Week 11, 16 April 2012

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Amber Bailey

Wednesday, April 18, 2012

With the second term of my first year at university coming to an end, it was time to take a trip back to Sussex for the Easter holidays. With a well-equipped workshop down the garden, there was no excuse not to be doing any woodwork whilst at home.

During an annual spring clean, my aunt came across a rather unusual but sadly tatty spirit level that she thought I might be interested in. Having bought it down for me whilst on a visit, I was straight into the garage rummaging through various pots of polishes and removers.

The first job was to remove the existing finish and various stains using fine wire wool and Liberon Wax & Polish Remover. Clear Black Bison polish was then applied to the wood with fine wire wool. To clean up the brass plate, wire wool was once again used and a metal polish applied with a soft cloth. A quick and easy job with satisfying results!

www.woodworkersinstitute.com
www.woodworkersinstitute.com
www.woodworkersinstitute.com

Thanks to the short course at Bucks that I took in woodcarving, I have taken a real interest in the subject, however unfortunately this has also meant I have recently been forking out a small fortune on carving and sharpening equipment! To try and save a few pennies, rather than spend a lot of money on a chisel strop I decided to have a go at making my own. My father conveniently already owned some untreated leather and had a nice mahogany off-cut that I was able to use - all I had to do was put it together.

I simply glued the leather (untreated side up) to both sides of the mahogany using PVA. This then needed to be clamped between two pieces of scrap to stop the leather from curling up during the drying process. When dry, I cut away the excess leather using a Stanley knife and then - voila! All my chisels have now endured it at the end of the sharpening process, and given the accidental deep cut on my hand, I can only assume it is working well!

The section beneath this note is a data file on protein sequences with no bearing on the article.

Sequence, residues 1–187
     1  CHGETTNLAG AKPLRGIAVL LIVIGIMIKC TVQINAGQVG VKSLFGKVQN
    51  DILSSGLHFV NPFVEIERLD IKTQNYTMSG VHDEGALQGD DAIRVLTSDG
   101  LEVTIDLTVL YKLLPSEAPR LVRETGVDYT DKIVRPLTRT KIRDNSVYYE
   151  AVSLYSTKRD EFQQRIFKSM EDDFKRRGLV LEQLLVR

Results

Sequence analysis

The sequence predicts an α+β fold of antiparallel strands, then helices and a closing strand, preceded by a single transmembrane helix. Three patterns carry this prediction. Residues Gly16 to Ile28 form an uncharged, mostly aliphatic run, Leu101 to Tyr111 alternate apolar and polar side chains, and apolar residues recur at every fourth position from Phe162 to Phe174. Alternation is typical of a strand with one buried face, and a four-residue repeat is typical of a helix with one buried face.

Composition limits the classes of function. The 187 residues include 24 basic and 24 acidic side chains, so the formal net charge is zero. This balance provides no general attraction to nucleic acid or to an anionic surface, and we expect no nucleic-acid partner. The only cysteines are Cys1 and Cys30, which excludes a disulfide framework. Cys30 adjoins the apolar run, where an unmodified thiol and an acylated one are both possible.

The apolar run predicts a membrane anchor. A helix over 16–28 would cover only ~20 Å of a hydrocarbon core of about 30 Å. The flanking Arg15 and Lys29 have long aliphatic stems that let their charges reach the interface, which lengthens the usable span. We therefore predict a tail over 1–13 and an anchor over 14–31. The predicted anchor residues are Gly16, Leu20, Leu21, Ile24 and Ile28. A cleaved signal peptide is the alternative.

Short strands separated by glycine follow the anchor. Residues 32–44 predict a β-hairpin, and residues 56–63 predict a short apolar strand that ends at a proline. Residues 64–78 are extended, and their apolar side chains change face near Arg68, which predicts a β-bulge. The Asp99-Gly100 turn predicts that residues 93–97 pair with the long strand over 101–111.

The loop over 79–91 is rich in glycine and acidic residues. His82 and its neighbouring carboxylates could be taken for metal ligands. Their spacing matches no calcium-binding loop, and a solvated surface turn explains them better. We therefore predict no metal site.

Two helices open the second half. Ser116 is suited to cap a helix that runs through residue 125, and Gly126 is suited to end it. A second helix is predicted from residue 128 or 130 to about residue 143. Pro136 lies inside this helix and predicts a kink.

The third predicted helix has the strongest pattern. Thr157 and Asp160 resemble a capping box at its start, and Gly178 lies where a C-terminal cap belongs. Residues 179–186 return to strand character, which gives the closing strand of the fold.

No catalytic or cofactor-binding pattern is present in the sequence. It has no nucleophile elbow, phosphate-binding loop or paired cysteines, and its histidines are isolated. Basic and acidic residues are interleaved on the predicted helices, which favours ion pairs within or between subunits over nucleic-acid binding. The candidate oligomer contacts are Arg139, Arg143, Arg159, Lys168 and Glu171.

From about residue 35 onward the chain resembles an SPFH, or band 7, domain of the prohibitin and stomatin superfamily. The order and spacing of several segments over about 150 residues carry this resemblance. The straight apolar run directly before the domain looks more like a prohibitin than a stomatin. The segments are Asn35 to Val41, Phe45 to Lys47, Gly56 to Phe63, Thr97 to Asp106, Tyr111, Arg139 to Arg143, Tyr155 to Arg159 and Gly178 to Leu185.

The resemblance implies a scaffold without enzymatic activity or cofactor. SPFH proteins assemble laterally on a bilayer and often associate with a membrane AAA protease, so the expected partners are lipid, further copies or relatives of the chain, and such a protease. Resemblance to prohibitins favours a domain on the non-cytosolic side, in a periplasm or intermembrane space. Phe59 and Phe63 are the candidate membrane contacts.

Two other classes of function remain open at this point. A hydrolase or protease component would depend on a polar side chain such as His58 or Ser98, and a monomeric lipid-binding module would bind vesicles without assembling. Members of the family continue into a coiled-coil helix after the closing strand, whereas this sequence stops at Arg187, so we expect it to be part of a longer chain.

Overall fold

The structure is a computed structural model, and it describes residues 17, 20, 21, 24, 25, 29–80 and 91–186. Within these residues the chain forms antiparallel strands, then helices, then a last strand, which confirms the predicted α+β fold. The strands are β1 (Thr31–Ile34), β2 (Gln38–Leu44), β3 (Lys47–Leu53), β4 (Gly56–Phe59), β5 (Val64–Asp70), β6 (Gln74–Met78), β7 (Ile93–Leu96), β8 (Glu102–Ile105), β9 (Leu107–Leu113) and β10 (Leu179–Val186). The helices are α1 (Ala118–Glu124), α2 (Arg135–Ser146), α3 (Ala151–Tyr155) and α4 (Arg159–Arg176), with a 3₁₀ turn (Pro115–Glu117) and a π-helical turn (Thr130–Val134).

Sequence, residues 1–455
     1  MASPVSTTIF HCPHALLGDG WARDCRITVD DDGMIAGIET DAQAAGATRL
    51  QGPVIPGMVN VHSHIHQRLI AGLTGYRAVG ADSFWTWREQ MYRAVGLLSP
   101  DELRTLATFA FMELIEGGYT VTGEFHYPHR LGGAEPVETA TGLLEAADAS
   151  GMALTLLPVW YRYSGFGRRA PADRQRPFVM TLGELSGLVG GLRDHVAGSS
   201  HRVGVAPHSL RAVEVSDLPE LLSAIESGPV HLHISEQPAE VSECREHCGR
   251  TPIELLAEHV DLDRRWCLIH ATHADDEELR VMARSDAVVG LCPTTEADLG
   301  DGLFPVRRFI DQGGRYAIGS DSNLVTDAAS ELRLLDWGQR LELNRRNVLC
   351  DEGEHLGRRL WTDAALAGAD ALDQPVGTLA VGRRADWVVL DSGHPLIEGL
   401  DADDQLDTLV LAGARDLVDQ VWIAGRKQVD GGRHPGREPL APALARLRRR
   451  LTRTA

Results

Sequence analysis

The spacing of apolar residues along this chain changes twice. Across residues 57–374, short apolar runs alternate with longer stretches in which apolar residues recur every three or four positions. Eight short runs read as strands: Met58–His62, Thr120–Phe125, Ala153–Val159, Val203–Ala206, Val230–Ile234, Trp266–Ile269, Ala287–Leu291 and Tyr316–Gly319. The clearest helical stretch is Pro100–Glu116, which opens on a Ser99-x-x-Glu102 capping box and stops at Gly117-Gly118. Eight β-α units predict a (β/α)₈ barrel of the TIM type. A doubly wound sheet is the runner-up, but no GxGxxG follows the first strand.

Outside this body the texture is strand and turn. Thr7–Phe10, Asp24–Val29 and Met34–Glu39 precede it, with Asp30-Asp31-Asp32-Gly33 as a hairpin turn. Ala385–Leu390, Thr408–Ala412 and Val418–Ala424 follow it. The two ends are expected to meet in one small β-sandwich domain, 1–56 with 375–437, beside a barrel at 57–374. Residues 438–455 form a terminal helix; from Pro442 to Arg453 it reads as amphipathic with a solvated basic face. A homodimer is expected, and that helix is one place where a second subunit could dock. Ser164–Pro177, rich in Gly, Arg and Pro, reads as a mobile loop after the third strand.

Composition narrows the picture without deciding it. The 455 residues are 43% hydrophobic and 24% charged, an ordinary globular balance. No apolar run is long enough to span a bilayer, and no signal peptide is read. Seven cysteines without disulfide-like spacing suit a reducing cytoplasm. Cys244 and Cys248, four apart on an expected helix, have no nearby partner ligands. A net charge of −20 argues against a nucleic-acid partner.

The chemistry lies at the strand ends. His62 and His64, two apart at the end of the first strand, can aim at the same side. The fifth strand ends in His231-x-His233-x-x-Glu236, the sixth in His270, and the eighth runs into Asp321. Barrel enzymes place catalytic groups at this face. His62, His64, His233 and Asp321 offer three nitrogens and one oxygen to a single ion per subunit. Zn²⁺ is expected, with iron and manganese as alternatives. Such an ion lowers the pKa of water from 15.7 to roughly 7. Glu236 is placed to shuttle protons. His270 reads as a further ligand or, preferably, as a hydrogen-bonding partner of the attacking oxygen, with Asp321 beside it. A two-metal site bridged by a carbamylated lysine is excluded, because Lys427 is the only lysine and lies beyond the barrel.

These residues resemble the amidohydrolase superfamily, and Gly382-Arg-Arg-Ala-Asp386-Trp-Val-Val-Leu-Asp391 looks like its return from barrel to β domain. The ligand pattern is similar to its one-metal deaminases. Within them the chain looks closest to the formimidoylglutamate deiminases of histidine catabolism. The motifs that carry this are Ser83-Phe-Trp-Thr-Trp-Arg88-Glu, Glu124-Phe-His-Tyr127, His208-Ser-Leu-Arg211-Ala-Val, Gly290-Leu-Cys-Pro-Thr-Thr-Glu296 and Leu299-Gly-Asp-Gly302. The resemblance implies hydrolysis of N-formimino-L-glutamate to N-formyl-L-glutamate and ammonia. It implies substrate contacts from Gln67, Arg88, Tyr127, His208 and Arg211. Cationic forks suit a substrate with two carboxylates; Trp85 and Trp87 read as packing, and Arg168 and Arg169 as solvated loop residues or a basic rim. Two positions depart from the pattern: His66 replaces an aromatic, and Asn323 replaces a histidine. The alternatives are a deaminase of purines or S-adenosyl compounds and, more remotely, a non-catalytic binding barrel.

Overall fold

www.woodworkersinstitute.com
www.woodworkersinstitute.com
www.woodworkersinstitute.com
www.woodworkersinstitute.com
www.woodworkersinstitute.com

Before going home for the holidays, I spent the last few days of term finishing off the Tudor Rose that I made during the woodcarving short course. This meant I was able to take it home where it now takes pride of place on the mantelpiece in our sitting room. It is rather aptly positioned near the medieval knight that my father carved – like father like daughter!

I have just started my next woodcarving project; I rather ambitiously decided to try my hand at carving a head. The timber I am using is a hefty block of tiger oak – and it is certainly not the easiest wood to carve. I may be at it for quite a while! Fingers crossed that it all goes well!

This is my very last blog and I shall leave Sam to round off the end of the series next week. It has been an absolute pleasure to share my experiences and I hope it has given an insight into what goes on behind the doors of the workshops at Bucks New University, and more of an idea of the work of the National School of Furniture. Hopefully this isn’t the last that you’ll hear of me!

www.woodworkersinstitute.com
www.woodworkersinstitute.com
www.woodworkersinstitute.com

Images, from top to bottom:

1. The spirit level in the condition that I received it (PHOTOGRAPH BY AMBER BAILEY)

2. The stains and finish on the wood were removed using a polish remover and wire wool (PHOTOGRAPH BY AMBER BAILEY)

3. The brass after a cleaning up and a wax polish re-applied (PHOTOGRAPH BY AMBER BAILEY)

4. The bare essentials needed to create the chisel strop (PHOTOGRAPH BY AMBER BAILEY)

5. An even layer of PVA was used on both surfaces to secure the leather (PHOTOGRAPH BY AMBER BAILEY)

6. The strop after gluing (PHOTOGRAPH BY AMBER BAILEY)

7. Clamped nice and secure! (PHOTOGRAPH BY AMBER BAILEY)

8. The finished strop after the excess leather was removed (PHOTOGRAPH BY AMBER BAILEY)

9/ The Tudor Rose in situ on the mantelpiece beside the knight carving by my father (PHOTOGRAPH BY AMBER BAILEY)

10. The drawings for my next woodcarving project; carbon paper was used to transfer the image onto the wood (PHOTOGRAPH BY AMBER BAILEY)

11. Slowly carving away the excess wood… (PHOTOGRAPH BY AMBER BAILEY)

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